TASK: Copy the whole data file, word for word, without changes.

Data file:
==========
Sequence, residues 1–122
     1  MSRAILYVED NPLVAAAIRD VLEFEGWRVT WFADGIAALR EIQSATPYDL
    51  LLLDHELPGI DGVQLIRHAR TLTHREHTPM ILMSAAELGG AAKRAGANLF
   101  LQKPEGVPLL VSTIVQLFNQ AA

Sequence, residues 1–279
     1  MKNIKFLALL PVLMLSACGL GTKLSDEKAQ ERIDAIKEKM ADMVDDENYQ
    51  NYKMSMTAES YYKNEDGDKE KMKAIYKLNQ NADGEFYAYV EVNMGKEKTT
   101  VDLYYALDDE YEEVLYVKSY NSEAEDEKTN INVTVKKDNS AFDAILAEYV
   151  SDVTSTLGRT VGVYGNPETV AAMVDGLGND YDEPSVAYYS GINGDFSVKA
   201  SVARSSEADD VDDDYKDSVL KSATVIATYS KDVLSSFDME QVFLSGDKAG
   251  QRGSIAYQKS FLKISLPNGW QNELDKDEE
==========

Sequence, residues 1–122
     1  MSRAILYVED NPLVAAAIRD VLEFEGWRVT WFADGIAALR EIQSATPYDL
    51  LLLDHELPGI DGVQLIRHAR TLTHREHTPM ILMSAAELGG AAKRAGANLF
   101  LQKPEGVPLL VSTIVQLFNQ AA

Sequence, residues 1–279
     1  MKNIKFLALL PVLMLSACGL GTKLSDEKAQ ERIDAIKEKM ADMVDDENYQ
    51  NYKMSMTAES YYKNEDGDKE KMKAIYKLNQ NADGEFYAYV EVNMGKEKTT
   101  VDLYYALDDE YEEVLYVKSY NSEAEDEKTN INVTVKKDNS AFDAILAEYV
   151  SDVTSTLGRT VGVYGNPETV AAMVDGLGND YDEPSVAYYS GINGDFSVKA
   201  SVARSSEADD VDDDYKDSVL KSATVIATYS KDVLSSFDME QVFLSGDKAG
   251  QRGSIAYQKS FLKISLPNGW QNELDKDEE